Former garage owner fixes classic cars, often back to stock settings
Published: Friday, September 13, 2013 at 6:01 a.m.
Last Modified: Monday, October 21, 2013 at 5:57 p.m.
OCALA - Jerry Gallery is definitely a car guy.
Gallery, 68, has restored and modified at least five special interest cars over the last four decades and keeps them as rotating daily drivers.
The former automotive mechanic completed his most recent project last month, a 1967 Camaro with a 327-cubic-inch V-8 engine fed by a two-barrel carb producing about 300 horsepower.
The car has a two-speed Powerglide transmission, power steering and power brakes, and is finished in Marina Blue.
The totally true-to-stock first-year Camaro even has the distinctive factory white “bumblebee” nose stripe used in the inaugural year of the Camaro.
Gallery, a Marion County resident since 1961 when his family moved here from Saginaw, Mich., grew to love the car scene when he cruised the popular 1960s teen hangouts in the Ocala area, like the Big D and the Chick-Inn drive-in eateries.
“Sometimes guys would ride around and look for races,” Gallery chuckled.
Gallery served in the Vietnam War while in the U.S. Army from 1965 to 1967, including service with the combat engineers and was once stationed at barracks in the vicinity of the ones where Elvis Presley had been stationed a few years earlier at Fort Hood, Texas. He was awarded the Purple Heart during his service in the Vietnam War.
When Gallery returned to Ocala following his service, he went back to his former job at Ocala Volkswagen, where he remained until 1974, when he left to open his own business, Jerry's Garage, formerly on State Road 40, west of Ocala.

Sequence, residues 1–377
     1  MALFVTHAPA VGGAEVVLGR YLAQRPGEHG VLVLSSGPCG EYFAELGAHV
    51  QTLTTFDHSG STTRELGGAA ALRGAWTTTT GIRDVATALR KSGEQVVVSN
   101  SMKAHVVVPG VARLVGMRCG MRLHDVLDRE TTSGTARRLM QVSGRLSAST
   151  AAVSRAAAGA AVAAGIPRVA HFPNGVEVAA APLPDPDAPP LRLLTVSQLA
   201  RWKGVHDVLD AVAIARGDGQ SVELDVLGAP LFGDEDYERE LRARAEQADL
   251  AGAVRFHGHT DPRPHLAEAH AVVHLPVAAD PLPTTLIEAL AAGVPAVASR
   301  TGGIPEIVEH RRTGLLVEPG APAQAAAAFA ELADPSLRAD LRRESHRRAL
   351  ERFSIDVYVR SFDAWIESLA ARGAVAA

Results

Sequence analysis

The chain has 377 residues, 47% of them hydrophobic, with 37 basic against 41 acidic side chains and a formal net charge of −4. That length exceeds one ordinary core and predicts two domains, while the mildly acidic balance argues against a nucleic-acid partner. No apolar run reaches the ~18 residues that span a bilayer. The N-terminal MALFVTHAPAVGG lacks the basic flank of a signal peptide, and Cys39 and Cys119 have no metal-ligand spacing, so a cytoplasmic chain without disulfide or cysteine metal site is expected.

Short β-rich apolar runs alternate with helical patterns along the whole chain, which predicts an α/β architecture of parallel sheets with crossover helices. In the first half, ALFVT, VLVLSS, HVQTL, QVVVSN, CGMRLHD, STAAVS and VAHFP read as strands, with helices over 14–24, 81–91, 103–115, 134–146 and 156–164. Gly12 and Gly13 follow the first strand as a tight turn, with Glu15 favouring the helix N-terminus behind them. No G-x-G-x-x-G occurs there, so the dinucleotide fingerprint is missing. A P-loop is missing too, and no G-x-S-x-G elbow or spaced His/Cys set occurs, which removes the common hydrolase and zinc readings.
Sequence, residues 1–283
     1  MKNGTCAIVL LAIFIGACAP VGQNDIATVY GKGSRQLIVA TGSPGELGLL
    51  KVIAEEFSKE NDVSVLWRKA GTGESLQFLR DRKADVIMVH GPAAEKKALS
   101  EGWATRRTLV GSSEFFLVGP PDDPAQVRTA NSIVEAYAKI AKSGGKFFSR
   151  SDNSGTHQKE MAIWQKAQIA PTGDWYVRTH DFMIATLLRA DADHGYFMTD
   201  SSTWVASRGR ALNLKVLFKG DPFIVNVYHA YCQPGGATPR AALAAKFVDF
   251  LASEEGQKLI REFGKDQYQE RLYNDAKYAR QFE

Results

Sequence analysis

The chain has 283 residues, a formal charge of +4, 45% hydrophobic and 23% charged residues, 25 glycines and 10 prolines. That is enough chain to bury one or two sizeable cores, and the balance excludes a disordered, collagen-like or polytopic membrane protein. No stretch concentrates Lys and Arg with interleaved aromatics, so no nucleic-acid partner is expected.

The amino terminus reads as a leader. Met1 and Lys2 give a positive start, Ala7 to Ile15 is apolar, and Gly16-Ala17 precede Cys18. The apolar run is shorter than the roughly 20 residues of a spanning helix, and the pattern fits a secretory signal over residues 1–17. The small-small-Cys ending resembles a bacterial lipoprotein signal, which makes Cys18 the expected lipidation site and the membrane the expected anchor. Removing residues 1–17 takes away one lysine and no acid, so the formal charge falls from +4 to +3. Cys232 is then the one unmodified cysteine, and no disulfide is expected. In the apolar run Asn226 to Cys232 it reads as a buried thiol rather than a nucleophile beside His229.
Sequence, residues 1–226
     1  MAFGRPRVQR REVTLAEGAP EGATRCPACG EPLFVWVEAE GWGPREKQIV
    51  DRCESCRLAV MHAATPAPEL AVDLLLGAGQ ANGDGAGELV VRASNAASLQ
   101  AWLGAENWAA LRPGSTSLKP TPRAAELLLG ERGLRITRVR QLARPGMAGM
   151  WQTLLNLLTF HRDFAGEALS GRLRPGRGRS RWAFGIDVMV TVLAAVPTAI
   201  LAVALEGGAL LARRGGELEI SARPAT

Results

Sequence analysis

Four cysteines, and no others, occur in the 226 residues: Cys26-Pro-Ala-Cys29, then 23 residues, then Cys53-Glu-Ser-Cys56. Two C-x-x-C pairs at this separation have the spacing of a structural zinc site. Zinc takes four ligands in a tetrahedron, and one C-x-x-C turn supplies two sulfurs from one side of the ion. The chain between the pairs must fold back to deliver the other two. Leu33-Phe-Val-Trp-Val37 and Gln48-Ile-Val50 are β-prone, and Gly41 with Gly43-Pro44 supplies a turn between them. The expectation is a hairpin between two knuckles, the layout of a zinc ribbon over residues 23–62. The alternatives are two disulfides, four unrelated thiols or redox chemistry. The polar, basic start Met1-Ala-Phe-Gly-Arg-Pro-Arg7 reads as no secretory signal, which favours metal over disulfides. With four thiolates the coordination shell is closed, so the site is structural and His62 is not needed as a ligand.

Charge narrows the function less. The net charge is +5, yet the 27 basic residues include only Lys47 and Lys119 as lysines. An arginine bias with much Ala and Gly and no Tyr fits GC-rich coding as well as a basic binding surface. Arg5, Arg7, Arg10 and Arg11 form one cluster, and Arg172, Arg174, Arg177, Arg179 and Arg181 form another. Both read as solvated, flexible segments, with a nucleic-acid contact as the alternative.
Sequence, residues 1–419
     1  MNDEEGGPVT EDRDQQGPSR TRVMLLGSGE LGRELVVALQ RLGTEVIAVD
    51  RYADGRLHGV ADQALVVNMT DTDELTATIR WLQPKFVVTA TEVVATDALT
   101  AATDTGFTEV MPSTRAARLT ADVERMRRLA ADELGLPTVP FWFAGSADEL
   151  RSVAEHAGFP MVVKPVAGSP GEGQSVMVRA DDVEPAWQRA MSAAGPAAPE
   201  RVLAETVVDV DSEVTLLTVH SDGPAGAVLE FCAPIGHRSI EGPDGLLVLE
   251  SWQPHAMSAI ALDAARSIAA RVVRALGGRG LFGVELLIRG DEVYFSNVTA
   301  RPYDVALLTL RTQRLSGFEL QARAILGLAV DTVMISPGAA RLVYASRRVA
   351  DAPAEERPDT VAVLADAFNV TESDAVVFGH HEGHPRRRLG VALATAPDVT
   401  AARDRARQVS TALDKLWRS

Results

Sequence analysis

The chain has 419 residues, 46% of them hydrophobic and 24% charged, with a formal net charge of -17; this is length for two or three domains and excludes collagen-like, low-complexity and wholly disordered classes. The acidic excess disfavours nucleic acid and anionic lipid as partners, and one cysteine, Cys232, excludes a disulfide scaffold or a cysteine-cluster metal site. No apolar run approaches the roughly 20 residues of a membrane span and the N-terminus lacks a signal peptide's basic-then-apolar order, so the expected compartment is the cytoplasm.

In 1999 Gallery went to work at the Marion County School Board bus garage and retired in 2008.
He started his specialty car collection in 1972 with a customized 1941 Chevy coupe, which he and his wife Nancy have displayed at various car shows.
“Jerry put a lot of work into the Camaro. My favorite is the 1966 yellow Nova; I recall that was a radical color at the time,” Nancy Gallery said.
A 1928 Model A roadster hot rod, 1966 Chevrolet Nova and 1985 Chevrolet Stepside Pickup built since the '41 Chevy now round out Jerry's fleet.
“I like to do these cars myself and a certain way,” he said.
The Camaro project is an example of Gallery's meticulous attention to detail. He does all the work at his northeast Ocala home, which has a fully equipped repair shop and car lift.
“The Camaro was owned by a friend in Alabama. He brought it nearly new and drove it to work for a number of years and then parked it. He had disassembled it with the intention to restore it,” Gallery said.
“He knew I had in interest in the Camaro for several years and called one day and said 'do you want to buy this car?' ”
Gallery pulled the mostly disassembled car back to Ocala on a trailer and soon began the year and a half project.
He started by sandblasting it, then removed essentially every nut and bolt and replaced worn and defective components.
Front and rear bumpers and other bright work were re-chromed or replaced and glass was replaced as necessary.
Many original equipment style parts, especially appearance items, came from National Parts Depot warehouse in Ocala.
Gallery rebuilt the engine with parts machined by Bi-Lo Auto Parts, rewired the vehicle and made the interior and exterior look like 46 years have been erased from the car's memory.
Period-correct thin red wall stripe tires from an outlet in Tennessee give the finishing touch to the car.
“On the Camaro I did all the work except for the transmission. It's an original factory two-speed. I rented a spray booth at Viking Cycle Art and did the painting myself,” Jerry Gallery said.
Steve Bray of Bray's Welding and Metals has known Gallery since the 1960s. He stopped by the Gallery home recently to see the finished Camaro.
“I had a 1962 Chevy Impala with a 409 engine back in the '60s and a 1966 Nova when we drove around to (the nightspots),” Bray said.
“Jerry's '67 Camaro is awesome.”